There’s a sentence I’ve tried to wrap my head around and understand for well over a decade now. It puzzled me until the day before yesterday. This sentence is in Moshé Feldenkrais’s book The Potent Self and goes like this:
“In fact, an unrestrained expression of aggression does have a relieving effect. This is due, to my mind, not to the reduction of the pressure of accumulated aggressiveness, but to the amount of confidence the person has gained through exercising the function in which she is impotent.”
There’s three items inside this quote, and two of them I can safely dispose of, or say they’ve been up for discussion for decades now:
Firstly, the question of the accumulation—or build-up—of libido, as defined by Sigmund Freud, the Austrian neurologist and the founder of psychoanalysis. And more general, can all emotions build-up? Where are they stored? How does the accumulation work? And secondly, the release of built-up »emotional energy«, how does this work? And all that. I guess there’s been written entire libraries on that. However, I don’t find them to be that helpful questions.
It’s the third item that kept grinding my gears: “the amount of confidence the person has gained through exercising the function in which she is impotent.”
Moshé Feldenkrais added “it is a great mistake to think that it is dammed-up aggression that produces the neurotic behavior. If that were true, then letting off steam, shadow boxing, screaming, shouting, and beating up an imaginary object [..] should completely release the dammed-up aggressiveness and produce a new person.”
For the longest time I did not understand this part. Until the day before yesterday, when I saw a young man on Youtube talking in rage about the people who refuse to take the Covid vaccines. He was talking to the camera of a News outlet (Good morning Britain), and the longer he was talking the more in rage he came. He was letting off steam by insulting and shouting at imaginary people who refuse the vaccines, by trying to get sympathy from imaginary fellow people who took the vaccines, and by trying to explain the situation to an imaginary person of authority. Quite the show actually.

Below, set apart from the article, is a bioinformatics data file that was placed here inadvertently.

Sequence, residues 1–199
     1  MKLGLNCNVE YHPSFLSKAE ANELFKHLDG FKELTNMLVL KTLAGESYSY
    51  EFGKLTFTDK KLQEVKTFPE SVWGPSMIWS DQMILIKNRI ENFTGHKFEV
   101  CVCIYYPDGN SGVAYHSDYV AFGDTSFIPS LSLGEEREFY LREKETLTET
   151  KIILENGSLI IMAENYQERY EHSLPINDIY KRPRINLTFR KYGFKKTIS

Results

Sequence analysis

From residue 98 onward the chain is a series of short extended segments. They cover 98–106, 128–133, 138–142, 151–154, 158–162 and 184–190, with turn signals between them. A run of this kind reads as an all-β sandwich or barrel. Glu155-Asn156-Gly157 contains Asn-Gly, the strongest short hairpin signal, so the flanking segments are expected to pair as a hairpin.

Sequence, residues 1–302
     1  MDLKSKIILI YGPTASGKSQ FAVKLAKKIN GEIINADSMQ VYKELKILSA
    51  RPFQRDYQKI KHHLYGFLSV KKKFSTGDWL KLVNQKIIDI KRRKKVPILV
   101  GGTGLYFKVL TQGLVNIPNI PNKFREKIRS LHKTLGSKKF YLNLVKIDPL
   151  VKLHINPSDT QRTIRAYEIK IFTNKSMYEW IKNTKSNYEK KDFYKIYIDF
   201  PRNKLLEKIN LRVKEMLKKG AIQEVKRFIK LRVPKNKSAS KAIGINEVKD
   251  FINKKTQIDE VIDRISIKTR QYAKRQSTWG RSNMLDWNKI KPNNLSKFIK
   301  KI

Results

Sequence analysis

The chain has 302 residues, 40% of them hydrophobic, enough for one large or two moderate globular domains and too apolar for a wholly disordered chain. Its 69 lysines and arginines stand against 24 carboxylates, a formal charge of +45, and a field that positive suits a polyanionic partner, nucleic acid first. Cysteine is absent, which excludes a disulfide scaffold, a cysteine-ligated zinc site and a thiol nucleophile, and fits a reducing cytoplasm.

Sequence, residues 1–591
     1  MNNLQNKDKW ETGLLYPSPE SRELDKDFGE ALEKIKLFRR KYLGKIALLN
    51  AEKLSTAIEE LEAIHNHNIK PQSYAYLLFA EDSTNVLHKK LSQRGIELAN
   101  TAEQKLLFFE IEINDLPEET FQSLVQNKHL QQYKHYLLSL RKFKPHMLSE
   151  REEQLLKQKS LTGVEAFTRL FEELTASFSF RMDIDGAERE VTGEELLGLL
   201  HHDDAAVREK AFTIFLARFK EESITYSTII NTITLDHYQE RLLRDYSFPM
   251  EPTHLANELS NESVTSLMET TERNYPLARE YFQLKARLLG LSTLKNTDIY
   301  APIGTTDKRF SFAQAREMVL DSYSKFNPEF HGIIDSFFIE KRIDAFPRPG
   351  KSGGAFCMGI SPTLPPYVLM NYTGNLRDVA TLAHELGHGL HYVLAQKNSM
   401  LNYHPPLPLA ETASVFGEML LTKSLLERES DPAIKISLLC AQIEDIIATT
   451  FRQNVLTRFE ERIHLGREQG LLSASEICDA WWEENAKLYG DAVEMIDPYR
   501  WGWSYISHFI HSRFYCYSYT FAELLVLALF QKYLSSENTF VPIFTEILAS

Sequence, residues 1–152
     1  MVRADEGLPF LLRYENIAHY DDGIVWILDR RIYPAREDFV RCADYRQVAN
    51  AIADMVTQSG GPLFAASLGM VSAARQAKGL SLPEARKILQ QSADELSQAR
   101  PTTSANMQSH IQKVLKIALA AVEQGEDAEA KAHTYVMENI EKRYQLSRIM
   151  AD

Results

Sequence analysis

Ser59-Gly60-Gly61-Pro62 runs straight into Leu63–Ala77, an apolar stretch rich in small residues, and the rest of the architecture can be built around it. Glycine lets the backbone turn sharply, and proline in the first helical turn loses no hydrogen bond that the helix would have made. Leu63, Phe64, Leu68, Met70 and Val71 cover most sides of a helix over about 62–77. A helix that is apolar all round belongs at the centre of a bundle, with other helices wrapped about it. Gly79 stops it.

However, did his public display of aggression help him find inner security? Did it solve his original problem—that he feels unsafe, at great danger and that he’s impotent in the function to make himself feel safe? Did he become able in this function he’s impotent in? Probably not.
On the other hand, did his speech further his confidence in speaking in public and exercise open aggression? It certainly did. The longer he spoke the more confident he seemed to be, and to have the right of it.
To conclude, I think this sentence in Moshé Feldenkrais’s book is not a general remark, but a specific one that applies to specific situations. What do you need to make yourself feel safe, in a situation where you cannot rely on your environment to make you feel safe?